“During the last twelve years I have accumulated a very large mass of materials illustrative of Christian art and iconography. This material consists in the main of descriptions as full and accurate as I could make them, of sculpture, painted glass, pictures and illuminated manuscripts existing in a very considerable number of English and foreign churches, libraries, galleries and museums..”
This in fact fits in nicely with some of the important work done by earlier Disney chairs. The outgoing Professor George Forrest Browne had made a special study of runic stones, and published The Ilam Crosses (1889) and The Ancient Cross Shafts of Bewcastle and Ruthwell (1917). An earlier chair, Churchill Babington, had also contributed articles on medals, glass, gems and inscriptions to the Dictionary of Christian Antiquities.

What is surprising though in Monty’s unsuccessful application was how little he had published on topics even broadly related to medieval archaeology or art history. Whilst the modern publication requirements for an academic clearly did not apply in later 19th century Cambridge, this is a little disconcerting. It is hard not to draw notice to the thoughts of Parkin’s in Oh Whistle when he discovers the Templar Preceptory: ““Few people can resist the temptation to try a little amateur research in a department quite outside their own, if only for the satisfaction of showing how successful they would have been had they only taken it up seriously. Our Professor, however, if he felt something of this mean desire, was also truly anxious to oblige Mr Disney”

In fact it was in 1892, the year of his unsuccessful application, that he made his first foray in text in church archaeology despite the fact that he had been clearly exploring church art for a long time. The subject was the sculpture on the Lady Chapel at Ely Cathedral- he had declared an intent to write a monograph on this following an undergraduate visit, but it clearly took him a long time to work up to it. The sculptural programme, heavily defaced by Protestant iconoclasm, was poorly understood.  Drawing on his knowledge of apocrypha he identified the programme and read a paper to the Royal Archaeological Institute in August 1892- this was subsequently published in the Archaeological Journal, and then reworked as monograph.
Whether or not provoked by his failed attempt at the Disney Chair the 1890s and early 20th century saw Monty issuing a series of papers on topics related to church art – particularly glass and wall painting- and all with a strong element of iconographic analysis – obviously recalling the detective work of the Reverend Somerton on deciphering the message in the stained glass from Steinfeld Abbey in the Treasure of Abbot Thomas. Most of this work was published in the Reports and communications of the Cambridge Antiquarian Society- of which James was a committee member until around 1910. Unlike many of local archaeological journals, due to its University connections the Reports and Communications had a far wider purview publishing on a wide range of international topics. For example, the 1903 volume which contained a paper by James on French tapestries, also include articles on Irish folklore, Roman Britain, Aztec civilisation, Estonian harpoons, and the ruins of Rhodesia. In addition to publishing papers, he read many more to the society which were not published- sometimes two on one night.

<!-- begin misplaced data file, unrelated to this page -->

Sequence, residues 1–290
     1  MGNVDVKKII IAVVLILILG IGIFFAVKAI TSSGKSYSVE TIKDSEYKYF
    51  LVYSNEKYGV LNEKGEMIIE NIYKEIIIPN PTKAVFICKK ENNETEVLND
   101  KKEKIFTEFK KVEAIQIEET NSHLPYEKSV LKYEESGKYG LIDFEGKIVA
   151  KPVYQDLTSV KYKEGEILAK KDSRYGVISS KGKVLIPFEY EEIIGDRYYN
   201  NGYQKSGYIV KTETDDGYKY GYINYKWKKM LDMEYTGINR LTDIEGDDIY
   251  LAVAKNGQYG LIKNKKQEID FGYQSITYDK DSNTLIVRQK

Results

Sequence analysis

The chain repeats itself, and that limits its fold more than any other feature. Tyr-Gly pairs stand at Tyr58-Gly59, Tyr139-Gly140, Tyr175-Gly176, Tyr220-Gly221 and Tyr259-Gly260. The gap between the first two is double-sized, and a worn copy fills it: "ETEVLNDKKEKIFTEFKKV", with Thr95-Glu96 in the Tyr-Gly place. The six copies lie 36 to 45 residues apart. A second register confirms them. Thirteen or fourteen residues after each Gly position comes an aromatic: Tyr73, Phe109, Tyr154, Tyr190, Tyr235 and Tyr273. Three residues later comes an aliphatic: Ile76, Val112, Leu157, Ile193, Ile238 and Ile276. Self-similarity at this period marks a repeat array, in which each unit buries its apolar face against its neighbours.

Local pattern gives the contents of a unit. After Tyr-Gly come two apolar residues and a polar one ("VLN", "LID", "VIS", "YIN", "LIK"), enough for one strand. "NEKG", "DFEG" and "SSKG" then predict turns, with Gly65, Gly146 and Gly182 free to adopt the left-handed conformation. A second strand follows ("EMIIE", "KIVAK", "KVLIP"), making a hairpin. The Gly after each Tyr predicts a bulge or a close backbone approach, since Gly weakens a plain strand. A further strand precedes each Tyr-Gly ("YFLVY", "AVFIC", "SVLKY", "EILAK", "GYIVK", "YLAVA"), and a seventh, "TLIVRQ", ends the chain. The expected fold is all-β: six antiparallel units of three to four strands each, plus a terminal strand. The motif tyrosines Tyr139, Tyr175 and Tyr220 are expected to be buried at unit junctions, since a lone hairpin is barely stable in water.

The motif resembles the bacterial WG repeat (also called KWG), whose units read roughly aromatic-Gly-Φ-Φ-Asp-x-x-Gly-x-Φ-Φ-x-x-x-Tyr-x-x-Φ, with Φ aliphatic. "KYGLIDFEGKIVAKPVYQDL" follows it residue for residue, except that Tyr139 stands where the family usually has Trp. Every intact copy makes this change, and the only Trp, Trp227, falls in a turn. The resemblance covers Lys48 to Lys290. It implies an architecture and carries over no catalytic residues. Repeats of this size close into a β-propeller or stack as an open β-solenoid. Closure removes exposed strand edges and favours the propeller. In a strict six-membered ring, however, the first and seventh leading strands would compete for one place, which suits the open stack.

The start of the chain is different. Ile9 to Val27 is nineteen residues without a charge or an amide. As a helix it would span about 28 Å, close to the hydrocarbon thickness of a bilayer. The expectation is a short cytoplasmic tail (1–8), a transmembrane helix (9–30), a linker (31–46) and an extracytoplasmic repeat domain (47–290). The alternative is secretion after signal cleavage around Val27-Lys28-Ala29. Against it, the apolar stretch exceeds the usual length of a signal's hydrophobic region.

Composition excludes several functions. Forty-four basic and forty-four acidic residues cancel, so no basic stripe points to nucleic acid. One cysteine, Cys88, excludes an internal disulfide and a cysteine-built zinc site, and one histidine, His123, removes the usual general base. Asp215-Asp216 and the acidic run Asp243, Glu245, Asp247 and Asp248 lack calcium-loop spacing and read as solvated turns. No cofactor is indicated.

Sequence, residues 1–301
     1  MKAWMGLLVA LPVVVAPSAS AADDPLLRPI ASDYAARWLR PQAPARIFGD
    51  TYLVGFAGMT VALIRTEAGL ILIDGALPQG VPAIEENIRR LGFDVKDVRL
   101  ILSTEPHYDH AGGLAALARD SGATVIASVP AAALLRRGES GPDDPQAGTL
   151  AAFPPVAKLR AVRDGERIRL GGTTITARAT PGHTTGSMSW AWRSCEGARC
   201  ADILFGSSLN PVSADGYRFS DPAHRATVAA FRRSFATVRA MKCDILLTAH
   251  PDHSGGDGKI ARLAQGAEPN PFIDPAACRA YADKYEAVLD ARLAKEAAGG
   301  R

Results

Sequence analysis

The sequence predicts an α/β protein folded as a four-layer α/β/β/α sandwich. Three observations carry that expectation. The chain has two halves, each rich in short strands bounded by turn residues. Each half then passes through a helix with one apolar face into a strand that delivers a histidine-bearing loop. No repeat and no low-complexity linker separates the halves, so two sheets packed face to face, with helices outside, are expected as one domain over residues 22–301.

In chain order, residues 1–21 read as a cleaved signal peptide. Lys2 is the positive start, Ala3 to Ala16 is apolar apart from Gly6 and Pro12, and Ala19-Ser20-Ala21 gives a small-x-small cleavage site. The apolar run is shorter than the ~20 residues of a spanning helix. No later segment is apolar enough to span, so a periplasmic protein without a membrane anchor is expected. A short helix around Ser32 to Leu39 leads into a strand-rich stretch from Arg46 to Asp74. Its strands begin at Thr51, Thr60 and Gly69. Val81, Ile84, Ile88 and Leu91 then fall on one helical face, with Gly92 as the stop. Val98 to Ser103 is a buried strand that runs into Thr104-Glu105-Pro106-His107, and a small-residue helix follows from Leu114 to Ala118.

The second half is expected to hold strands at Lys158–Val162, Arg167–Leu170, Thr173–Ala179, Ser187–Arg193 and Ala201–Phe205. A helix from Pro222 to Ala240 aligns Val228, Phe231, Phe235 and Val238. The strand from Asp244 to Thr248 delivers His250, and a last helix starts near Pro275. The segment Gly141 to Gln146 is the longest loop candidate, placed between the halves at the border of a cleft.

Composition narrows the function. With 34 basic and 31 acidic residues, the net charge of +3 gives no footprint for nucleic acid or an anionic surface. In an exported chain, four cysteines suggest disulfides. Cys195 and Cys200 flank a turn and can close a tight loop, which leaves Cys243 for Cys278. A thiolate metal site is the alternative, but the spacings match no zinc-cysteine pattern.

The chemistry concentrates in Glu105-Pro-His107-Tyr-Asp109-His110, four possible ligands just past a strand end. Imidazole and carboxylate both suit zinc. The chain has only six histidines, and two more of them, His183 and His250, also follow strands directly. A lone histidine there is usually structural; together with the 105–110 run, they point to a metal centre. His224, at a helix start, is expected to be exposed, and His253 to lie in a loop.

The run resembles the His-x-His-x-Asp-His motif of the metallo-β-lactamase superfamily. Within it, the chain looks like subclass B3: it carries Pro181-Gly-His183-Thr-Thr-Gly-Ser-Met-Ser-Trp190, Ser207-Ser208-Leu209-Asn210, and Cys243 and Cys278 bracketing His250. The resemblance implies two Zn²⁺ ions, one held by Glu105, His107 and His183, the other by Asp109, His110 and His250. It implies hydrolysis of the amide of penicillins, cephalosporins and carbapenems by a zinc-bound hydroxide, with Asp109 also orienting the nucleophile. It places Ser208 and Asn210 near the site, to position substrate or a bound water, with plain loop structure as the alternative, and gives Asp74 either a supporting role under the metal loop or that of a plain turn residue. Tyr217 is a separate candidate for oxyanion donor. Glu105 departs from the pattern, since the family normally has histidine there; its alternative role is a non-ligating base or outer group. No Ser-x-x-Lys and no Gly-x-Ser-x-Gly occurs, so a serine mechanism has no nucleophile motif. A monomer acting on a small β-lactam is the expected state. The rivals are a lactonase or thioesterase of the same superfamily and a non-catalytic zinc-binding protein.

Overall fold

His involvement with the Society was important as it meant he was mixing with other important archaeologists in Cambridge and beyond- including the Disney Professor. He also saw papers read by key figures in the developing world of medieval archaeology, such as W St John Hope, with whom he later collaborated and Frederick Bligh Bond, the  notorious archaeologist and psychic whose research at Glastonbury, was he claimed, steered by his spiritualist contacts with a medieval monk of the abbey, and ultimately led to his dismissal from the excavation committee- one wonders whether the conceit of using psychical powers to see the past partly inspired a View from the Hill.
In 1901, there were plans to bring relics claiming to be the bones of St Edmund to the newly constructed Catholic Westminster Cathedral. James, along with others, wrote to The Times arguing that the provenance of these items was dubious in the extreme. Whilst some of the correspondent appear to have had a confessional perspective, James simply took issue with the use and abuse of historical records.
It is not clear whether directly or indirectly provoked by this debate, excavations took place in the chapter house at Bury St Edmunds, with which MR James became involved. This resulted in the discovery of a series of burials which James, using textual sources identified – this fulfilled his predictions laid out in an 1895 monograph on the church in which he suggested